Local governance of Port Louis is overseen by a municipal council. The City Council of Port Louis was first established in 1830 and is currently one of five municipal councils responsible for the urban areas in Mauritius, as organized under Local Government Act 2011. Twenty-four councillors are elected democratically to administer the council. Councillors then elect a Lord Mayor and a Deputy Lord Mayor. Functions of the council are performed through Departments of Administration, Finance, Land Use and Planning, Public Infrastructure, Public Health, Welfare, Parks and Gardens, and City Library. Services delivered by the local government include pre-school, kindergarten, and vocational schools, health protection, housing regulation, some road services, refuse collection, cemeteries, some environmental and consumer protection services, and economic promotion activities. Other services are provided to the city by the central government. These include police services through the Mauritius Police Force, which maintains two divisions responsible for the Port Louis area (Metropolitan Divisions North and South). There is also a specific Port Police, composed of the Harbour Police and Bulk Sugar Terminal Police. Their roles include providing security to cargo and facilities in the port area and enforcing laws related to harbor regulations, customs, quarantine, immigration, and drug trafficking.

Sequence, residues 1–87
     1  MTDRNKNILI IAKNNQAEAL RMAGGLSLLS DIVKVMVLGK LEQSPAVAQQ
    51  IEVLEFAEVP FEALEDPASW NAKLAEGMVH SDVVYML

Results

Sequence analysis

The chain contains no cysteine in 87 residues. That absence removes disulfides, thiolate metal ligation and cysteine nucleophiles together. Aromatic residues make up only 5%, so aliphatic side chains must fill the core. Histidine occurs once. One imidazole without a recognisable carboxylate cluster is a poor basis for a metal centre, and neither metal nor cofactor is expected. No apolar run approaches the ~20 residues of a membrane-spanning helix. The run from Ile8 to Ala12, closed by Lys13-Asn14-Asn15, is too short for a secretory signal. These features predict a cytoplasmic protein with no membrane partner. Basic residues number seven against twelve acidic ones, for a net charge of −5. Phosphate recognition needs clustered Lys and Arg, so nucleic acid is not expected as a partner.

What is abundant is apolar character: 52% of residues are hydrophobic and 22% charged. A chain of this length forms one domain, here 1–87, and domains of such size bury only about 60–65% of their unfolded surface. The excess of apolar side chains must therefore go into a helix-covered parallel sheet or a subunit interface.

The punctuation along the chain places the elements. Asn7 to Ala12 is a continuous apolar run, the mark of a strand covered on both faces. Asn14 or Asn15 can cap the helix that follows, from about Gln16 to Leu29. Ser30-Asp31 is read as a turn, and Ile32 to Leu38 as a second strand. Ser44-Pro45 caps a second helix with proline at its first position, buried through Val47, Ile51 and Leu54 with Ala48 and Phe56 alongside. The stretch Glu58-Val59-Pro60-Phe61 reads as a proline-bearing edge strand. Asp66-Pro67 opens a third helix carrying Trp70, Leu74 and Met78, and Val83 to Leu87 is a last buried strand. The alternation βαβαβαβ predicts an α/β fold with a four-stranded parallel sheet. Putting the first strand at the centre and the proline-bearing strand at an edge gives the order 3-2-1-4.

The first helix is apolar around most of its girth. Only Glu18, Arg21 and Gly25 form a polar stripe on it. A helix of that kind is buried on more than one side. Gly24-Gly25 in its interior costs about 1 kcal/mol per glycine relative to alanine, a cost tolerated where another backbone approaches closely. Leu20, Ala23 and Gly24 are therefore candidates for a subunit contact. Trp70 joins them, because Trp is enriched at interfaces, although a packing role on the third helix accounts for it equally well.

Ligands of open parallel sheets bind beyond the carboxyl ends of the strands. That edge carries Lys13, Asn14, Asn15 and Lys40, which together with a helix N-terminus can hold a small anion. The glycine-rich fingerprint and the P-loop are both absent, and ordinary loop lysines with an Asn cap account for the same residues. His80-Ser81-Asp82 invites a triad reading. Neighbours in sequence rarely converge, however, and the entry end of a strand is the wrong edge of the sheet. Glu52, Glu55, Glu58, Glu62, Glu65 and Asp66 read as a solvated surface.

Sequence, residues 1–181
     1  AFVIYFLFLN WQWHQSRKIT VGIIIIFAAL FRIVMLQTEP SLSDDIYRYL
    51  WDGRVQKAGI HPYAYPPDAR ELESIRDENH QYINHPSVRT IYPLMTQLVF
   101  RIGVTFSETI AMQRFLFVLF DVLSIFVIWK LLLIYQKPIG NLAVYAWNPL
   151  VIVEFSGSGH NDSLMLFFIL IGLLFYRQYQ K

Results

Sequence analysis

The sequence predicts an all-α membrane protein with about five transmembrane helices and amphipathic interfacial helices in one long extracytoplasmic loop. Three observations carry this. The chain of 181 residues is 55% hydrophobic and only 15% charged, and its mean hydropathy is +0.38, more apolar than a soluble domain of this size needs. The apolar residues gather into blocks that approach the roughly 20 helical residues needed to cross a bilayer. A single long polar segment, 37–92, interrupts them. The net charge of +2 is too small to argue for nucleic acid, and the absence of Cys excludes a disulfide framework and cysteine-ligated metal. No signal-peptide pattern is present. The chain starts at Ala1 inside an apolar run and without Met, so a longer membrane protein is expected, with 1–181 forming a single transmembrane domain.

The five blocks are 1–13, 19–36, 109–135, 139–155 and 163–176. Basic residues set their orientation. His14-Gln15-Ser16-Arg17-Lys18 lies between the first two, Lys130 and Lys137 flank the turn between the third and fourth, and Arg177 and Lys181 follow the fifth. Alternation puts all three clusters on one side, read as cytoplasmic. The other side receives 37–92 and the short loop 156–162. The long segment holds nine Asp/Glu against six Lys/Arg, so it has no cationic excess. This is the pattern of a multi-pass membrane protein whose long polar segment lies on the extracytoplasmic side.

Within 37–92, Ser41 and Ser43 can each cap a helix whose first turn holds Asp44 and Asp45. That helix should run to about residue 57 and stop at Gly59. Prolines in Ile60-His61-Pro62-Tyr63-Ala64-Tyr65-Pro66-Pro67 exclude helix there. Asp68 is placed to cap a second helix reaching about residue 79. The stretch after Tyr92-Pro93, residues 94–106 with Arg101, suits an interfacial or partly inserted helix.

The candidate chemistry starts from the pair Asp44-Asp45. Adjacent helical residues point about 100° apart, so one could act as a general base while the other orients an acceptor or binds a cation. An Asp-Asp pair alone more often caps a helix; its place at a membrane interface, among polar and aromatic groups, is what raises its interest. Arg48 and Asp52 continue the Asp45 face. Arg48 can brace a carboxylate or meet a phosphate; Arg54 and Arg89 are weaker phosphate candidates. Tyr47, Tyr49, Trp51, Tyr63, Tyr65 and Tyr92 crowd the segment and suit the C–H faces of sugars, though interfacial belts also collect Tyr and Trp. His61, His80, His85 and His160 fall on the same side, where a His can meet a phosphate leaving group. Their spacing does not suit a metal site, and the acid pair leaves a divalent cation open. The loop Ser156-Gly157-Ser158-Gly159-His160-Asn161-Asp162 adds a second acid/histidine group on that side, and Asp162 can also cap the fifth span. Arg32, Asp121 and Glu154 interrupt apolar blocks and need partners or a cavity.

Sports are popular among the inhabitants of Port Louis, as in the rest of Mauritius. Over 35 sports federations are organized under the aegis of the Mauritius Sports Council. Popular activities include football, volleyball, a range of martial arts (Karate, Taekwon Do, Wushu), table tennis, badminton, and pétanque, which is a form of boules. The Mauritius National Olympic committee is also based in Port Louis. Public sports facilities in Port Louis include St. François Xavier stadium, which is used for football. There is however a general dearth of public facilities in Port Louis proper, with most being built in the surrounding less-densely inhabited suburbs and districts.